In 2018, I stated 10 reasons why you should be wary of investing in timber and forestry. Nothing has changed.
- Timber investments are illiquid. Actual forests are hard to sell quickly if you need your money. Pooling your investment with others doesn’t solve the problem. Typical lock-ins are 10 years or more.
- Income is sporadic. Forestry provides income when the trees are harvested. When the timber price falls it is normal to delay harvesting and then your income stops.
- Growth can take years (literally!). Capital growth comes from the tree growth or planting bare land. You need to be a patient investor, and be happy to receive no income (and likely incurring costs) whilst your trees grow.
- Minimum investment amounts can be high. Direct investors typically need £3m or more. Investing with others in actual forests still requires around £100K or more.
- Diversification is difficult. To balance income and growth you need a portfolio of forests of differing maturities. This requires huge sums to achieve directly. It is simpler to pool your money with others but then you lose some control of the actual assets held.
- Forestry investments carry currency risks and costs. The world’s forest rich countries are Russia, Brazil, Canada, the US and China. The UK is only 13% forested, the most sparsely forested country in Europe. A forest investment is likely to be overseas. Legal and environmental fees may be incurred and disposal costs may be high.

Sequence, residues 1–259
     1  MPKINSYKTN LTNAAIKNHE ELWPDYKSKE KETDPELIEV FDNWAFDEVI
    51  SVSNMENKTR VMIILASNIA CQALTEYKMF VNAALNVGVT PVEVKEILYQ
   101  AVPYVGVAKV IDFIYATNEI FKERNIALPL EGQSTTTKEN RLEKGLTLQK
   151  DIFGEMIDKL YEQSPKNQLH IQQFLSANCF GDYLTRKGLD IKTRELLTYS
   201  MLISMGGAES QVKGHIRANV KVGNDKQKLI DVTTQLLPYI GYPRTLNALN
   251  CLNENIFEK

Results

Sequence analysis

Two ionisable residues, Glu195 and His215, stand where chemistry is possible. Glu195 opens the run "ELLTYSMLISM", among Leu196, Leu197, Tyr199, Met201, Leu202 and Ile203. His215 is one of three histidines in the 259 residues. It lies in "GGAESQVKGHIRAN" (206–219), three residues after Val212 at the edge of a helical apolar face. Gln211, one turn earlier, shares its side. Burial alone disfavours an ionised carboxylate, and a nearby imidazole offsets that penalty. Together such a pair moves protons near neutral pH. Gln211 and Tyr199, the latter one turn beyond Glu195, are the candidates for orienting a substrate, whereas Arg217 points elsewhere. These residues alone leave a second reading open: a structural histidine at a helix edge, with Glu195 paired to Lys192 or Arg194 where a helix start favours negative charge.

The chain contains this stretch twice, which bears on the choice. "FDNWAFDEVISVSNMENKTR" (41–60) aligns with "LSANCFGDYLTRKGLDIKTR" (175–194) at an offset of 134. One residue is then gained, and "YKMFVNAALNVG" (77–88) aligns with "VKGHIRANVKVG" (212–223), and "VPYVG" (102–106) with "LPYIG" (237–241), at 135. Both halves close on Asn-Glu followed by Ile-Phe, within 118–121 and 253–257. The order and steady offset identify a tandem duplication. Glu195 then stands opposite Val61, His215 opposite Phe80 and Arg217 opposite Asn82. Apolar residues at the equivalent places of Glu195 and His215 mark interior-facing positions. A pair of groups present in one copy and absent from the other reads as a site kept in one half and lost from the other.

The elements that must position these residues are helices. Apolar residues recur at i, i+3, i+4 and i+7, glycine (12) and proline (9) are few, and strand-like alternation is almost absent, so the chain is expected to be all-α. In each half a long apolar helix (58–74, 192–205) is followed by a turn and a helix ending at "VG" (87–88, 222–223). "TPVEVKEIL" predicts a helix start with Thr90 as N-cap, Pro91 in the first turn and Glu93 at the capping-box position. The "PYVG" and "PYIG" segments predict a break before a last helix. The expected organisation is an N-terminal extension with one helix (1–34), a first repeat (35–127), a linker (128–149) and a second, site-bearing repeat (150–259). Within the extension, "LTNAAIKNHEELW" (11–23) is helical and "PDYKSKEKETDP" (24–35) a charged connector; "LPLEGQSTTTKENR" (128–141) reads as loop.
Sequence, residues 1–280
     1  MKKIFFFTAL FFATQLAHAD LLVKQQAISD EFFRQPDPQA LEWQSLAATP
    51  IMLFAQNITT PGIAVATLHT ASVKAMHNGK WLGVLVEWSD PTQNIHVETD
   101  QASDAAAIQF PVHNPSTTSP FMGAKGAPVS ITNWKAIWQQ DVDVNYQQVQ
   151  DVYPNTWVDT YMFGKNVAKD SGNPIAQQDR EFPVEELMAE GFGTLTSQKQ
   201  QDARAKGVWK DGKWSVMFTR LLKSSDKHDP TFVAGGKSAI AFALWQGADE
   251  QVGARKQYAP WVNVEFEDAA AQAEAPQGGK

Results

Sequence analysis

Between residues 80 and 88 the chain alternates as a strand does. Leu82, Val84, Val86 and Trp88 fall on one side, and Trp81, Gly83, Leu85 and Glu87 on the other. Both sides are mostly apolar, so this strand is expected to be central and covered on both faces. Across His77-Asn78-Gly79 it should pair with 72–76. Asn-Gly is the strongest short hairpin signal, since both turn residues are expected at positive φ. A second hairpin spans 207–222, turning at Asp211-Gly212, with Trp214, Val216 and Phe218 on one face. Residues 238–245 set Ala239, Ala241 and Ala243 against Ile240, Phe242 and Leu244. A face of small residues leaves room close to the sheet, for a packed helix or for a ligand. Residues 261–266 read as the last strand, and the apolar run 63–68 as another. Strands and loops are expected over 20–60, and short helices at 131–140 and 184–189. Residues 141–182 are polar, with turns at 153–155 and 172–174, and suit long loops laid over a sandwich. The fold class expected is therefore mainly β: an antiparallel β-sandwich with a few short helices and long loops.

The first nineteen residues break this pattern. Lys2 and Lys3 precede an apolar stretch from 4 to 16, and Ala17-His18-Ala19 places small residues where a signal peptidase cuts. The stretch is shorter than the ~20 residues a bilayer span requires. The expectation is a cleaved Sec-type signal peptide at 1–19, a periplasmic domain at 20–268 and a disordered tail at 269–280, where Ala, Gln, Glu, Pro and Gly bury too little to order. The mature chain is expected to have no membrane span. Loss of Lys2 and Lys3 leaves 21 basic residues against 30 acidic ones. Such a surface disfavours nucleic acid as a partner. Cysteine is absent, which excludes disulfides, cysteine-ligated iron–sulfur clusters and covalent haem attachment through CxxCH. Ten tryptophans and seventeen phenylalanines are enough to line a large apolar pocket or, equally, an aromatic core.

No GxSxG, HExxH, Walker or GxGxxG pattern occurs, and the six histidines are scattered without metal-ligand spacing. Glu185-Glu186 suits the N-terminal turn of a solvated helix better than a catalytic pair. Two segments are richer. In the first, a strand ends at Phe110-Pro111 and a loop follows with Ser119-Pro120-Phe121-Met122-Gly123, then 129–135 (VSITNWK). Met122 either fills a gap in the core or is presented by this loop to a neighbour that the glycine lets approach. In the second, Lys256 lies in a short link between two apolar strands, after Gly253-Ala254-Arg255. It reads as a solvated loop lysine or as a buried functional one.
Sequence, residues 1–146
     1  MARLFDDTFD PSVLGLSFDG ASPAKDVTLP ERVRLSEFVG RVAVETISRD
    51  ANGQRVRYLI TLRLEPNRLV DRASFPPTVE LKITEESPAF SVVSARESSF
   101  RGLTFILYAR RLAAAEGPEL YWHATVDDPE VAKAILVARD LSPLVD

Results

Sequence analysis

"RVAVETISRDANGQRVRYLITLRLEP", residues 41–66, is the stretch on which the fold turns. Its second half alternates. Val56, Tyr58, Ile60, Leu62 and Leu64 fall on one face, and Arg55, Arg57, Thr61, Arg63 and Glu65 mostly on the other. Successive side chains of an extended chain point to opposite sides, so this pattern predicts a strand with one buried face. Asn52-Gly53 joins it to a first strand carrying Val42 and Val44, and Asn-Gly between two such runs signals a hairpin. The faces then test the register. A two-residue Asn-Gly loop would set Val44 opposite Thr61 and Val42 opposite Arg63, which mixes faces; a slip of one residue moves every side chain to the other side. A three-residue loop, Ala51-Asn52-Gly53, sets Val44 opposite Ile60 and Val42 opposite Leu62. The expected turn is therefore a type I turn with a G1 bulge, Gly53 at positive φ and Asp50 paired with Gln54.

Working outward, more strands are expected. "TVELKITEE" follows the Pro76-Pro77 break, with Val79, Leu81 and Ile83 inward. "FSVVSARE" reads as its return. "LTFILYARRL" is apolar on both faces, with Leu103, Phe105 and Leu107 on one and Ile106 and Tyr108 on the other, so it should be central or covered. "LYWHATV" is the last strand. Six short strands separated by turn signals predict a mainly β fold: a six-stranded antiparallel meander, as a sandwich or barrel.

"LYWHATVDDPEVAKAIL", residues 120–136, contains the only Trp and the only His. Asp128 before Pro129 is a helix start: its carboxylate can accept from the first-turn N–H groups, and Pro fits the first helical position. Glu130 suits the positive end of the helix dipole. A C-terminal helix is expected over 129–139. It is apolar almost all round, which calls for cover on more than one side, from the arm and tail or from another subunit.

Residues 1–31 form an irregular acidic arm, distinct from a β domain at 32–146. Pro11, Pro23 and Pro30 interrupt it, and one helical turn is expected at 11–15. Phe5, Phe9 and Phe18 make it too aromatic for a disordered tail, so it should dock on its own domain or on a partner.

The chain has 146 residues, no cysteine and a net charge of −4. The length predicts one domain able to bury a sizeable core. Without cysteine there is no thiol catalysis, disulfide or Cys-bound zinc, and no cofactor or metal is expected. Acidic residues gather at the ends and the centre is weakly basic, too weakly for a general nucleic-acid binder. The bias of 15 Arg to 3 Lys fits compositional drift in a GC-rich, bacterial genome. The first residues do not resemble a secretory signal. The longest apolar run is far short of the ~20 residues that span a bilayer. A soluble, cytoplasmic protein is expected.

- “Timber” exchange traded funds (ETFs) provide exposure to the equity markets not the timber price. The choice of timber ETFs is limited (there are only two) and both exhibit a high correlation with global equity market returns.
- Liquidity “illusions” exist. There remains only one UK listed closed ended forestry funds and it has been selling assets to return money to shareholders since 2012. Nine years of illiquidity. Investors have lost a lot of money. Such funds, with a daily “price” yet still investing in forests directly, provided an illusion of liquidity.
- The timber price is volatile. Data is opaque and infrequent. Forestry valuations are subjective. The provider of the only forestry index in the UK, measuring the changing value of UK forests, terminated its index in 2019, partly due to limitations obtaining valuation data. There was no correlation between the timber price movements and the value of the UK forests between 2012 and 2017, the last time index data was produced.
- Tax breaks are conditional. There are capital gains tax and inheritance tax advantages for a UK investor but the forest must be commercially managed. Buying woodland for personal use does not confer the tax breaks.
I maintain my view that buying a woodland for enjoyment is perfectly reasonable. However, investing in commercial forestry, and benefiting from the tax breaks, carries a lot of risks and is likely to be a roller coaster ride. We do not invest in timber or forestry directly for Courtiers clients.